ANNE CARSON was born in Canada and has been a professor of Classics for over thirty years. Her awards and honors include the Lannan Award, the Pushcart Prize, the Griffin Trust Award for Excellence in Poetry, and fellowships from the Guggenheim and MacArthur Foundations.
"Breathtaking. . . . Personal, necessary and important. . . .
Read this book. You'll find it hard to forget." --The New York
Times Book Review "A supraliterary, textually experimental
landscape that only Carson could conjure. Ranging from frozen
tundra to festive meadows, G's odyssey features his dying mother,
his war-veteran road-buddy lover, and a female artist friend in a
wild hybrid narrative pushed to mythopoetic glory." --Elle
"Carson's lyrical language effortlessly lifts pure moments of hope
and despair off the page. . . . Red Doc> stands on its
own--and takes the reader on a singular journey of longing and
grief." --San Francisco Chronicle "Carson's red-winged
anti-hero is still the crown prince of erotic, melancholy foibles.
. . . Whether she's talking war vets, flying cows, Latin etymology
or Elvis, Carson once again blurs the lines of prose and poetry."
--American Poet "Unexpected, dizzying.... Sure to be the
verse event of the season." --Vogue.com
"[Carson's] phrases and images ... swoop and beguile like hidden messages. Cryptograms from other civilizations, or hoaxes perpetrated by pranksters by moonlight? Say what you will about Carson, she doesn't play it safe." --The New York Observer
"For every line of Carson's that's grave and pensive, another is funny, erotic, demotic, or dirty.... Even when the setting gets surreal, Carson never breaks faith with ordinary emotion. Red Doc> is, at times, excruciating in its grief. Yet just when it threatens to become unbearable, just when you are hurling at terminal velocity toward the killing earth--just then everything that seemed broken comes together. Suddenly you are borne into the sky on words and stories, those human wings, up there with a thousand ice bats and a kind-hearted monster and a stoner cow and a solid column of volcanic smoke, seamed with brilliant flame." --New York Magazine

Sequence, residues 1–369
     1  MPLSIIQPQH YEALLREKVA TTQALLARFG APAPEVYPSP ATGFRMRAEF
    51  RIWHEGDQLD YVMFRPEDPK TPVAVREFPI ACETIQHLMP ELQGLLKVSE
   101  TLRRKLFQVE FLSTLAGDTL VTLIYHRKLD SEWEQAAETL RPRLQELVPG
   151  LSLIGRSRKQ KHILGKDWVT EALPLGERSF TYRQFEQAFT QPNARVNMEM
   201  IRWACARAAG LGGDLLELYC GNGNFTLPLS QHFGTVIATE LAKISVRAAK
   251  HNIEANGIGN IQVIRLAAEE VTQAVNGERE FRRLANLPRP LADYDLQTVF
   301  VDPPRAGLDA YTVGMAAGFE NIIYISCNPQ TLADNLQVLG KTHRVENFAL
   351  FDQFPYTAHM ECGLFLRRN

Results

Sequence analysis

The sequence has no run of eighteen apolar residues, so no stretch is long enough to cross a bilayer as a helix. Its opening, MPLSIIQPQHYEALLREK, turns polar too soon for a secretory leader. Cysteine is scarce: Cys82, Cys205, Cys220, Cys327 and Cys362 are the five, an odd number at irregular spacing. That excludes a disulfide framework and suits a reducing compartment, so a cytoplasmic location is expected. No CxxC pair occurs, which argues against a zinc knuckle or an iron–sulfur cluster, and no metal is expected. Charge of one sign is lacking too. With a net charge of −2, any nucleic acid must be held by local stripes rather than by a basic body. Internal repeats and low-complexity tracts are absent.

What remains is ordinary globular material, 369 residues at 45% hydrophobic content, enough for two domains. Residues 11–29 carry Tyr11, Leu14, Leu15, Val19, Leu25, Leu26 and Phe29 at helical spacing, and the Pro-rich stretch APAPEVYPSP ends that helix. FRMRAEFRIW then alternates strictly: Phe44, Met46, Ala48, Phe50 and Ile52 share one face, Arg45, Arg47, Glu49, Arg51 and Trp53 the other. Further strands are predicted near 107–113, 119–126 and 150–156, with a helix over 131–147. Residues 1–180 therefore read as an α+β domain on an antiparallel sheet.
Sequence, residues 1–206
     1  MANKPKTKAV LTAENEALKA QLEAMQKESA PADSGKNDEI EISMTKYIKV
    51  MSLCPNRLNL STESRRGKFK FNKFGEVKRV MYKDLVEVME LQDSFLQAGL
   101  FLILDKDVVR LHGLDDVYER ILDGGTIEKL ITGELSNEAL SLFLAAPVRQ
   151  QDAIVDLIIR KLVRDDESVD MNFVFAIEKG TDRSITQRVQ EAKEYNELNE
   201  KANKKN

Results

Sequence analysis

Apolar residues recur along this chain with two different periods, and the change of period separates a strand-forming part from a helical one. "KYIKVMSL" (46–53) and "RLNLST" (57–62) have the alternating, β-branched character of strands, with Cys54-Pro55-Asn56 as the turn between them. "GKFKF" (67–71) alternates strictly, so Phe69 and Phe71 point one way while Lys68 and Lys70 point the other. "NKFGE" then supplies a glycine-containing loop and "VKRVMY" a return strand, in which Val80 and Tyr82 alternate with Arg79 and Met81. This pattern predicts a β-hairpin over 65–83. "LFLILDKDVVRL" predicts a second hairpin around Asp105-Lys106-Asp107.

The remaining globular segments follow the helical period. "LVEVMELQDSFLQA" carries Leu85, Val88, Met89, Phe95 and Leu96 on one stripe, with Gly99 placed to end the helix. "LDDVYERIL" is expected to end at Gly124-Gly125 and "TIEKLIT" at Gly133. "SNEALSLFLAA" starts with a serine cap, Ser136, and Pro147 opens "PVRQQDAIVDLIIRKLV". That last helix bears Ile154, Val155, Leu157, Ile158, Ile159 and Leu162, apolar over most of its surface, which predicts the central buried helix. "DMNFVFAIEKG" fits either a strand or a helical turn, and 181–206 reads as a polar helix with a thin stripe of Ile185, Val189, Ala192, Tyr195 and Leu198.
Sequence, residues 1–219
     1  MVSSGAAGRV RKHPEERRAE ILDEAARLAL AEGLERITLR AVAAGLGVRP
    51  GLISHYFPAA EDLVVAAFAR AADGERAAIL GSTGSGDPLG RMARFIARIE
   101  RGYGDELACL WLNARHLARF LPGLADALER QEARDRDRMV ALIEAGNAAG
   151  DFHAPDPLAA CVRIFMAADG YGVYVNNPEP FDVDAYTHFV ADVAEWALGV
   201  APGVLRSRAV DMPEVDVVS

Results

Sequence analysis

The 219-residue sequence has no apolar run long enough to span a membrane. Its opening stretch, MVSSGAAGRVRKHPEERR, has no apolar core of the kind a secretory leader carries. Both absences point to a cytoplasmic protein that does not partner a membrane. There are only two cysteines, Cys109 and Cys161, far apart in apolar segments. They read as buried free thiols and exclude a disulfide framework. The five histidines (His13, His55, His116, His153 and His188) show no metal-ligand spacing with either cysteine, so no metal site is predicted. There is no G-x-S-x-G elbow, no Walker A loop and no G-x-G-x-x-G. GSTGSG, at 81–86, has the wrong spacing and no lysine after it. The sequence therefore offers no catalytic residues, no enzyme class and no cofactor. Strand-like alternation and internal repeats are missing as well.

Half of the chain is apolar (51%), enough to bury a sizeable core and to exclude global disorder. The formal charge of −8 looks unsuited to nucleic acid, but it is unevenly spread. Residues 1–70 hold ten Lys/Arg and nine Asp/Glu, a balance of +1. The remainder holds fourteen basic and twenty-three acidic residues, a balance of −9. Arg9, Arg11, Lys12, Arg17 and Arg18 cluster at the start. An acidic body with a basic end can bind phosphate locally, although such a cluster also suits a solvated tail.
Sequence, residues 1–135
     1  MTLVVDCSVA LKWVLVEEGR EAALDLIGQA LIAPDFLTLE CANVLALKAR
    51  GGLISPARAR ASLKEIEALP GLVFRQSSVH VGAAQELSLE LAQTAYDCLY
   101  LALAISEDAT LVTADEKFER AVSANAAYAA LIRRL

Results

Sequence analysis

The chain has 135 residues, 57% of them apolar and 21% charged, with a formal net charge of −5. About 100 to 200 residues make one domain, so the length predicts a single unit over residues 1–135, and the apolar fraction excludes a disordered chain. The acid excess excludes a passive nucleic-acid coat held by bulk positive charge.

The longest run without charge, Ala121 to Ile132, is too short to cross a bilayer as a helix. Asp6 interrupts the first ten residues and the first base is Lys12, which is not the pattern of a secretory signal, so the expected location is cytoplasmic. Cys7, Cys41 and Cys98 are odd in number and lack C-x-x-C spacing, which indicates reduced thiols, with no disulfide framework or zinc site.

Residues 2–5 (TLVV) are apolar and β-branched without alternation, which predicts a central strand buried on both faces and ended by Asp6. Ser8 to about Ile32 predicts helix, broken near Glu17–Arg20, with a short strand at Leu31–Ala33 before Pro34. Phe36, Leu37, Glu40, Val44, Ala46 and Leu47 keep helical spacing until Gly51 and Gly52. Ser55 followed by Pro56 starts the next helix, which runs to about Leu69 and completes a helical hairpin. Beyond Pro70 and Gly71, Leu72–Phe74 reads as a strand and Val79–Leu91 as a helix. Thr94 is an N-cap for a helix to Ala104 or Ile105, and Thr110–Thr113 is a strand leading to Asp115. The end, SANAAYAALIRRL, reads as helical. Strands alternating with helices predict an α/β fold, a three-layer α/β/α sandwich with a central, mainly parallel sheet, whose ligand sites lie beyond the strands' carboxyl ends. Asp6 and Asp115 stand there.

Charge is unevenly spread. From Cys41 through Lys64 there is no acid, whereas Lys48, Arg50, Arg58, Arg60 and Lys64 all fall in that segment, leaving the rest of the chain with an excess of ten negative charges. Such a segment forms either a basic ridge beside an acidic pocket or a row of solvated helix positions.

"A shape-shifting verse novel that's both playful and compelling." --Time Out New York
"The events in Red Doc>, not so much recounted as erupting, have an instability suggestive of Alice in Wonderland.... As with a roller coaster, the transitions make us look forward to the next splendid plunge. And we plunge." --The Boston Globe
"Carson swings through a variety of techniques that refract the madness of war, from the systemic absurdism of Catch-22 to the post-modern flights of Gravity's Rainbow to the dead-bang temporal concussions of The Things They Carried.... Carson is funny--Lorrie Moore funny, Grace Paley funny--and Red Doc> courses with a wit shot through with intelligence and humility.... Brushed with the magical, the absurd and the surreal." --Paste
"Parts of this book are shockingly moving, especially when she describes the impending death of G's mother. The poetry around their final meeting is strangely haunting in an understated way. It presents loss and our tenuous human interconnectedness in its fragile and mysterious passing.... Inspired." --The Globe and Mail (Toronto) "Red Doc> is the sequel--sort of--to Autobiography of Red, one of the crossover classics of contemporary poetry. The book is strange and sweet and funny, and the remoteness of the ancient myth crossed with the familiarity of the modern setting creates a particularly Carsonian effect: the paradox of distant closeness." --The New York Times Magazine
"If there is one book I've pressed on more people in the past decade, it is Carson's Autobiography of Red. And I'm here to tell you its sequel has just been published, and that it's pretty much the biggest event of the year.... Red Doc> is insightful, whimsical, erotic and sad.... If you like books to provoke you, dare you, even change the way you think, let me recommend this strange, wonderful pair of novels about a young red man. We all have volcanoes in our lives. Sometimes it takes someone else to show us how to survive them." --Rosecrans Baldwin, NPR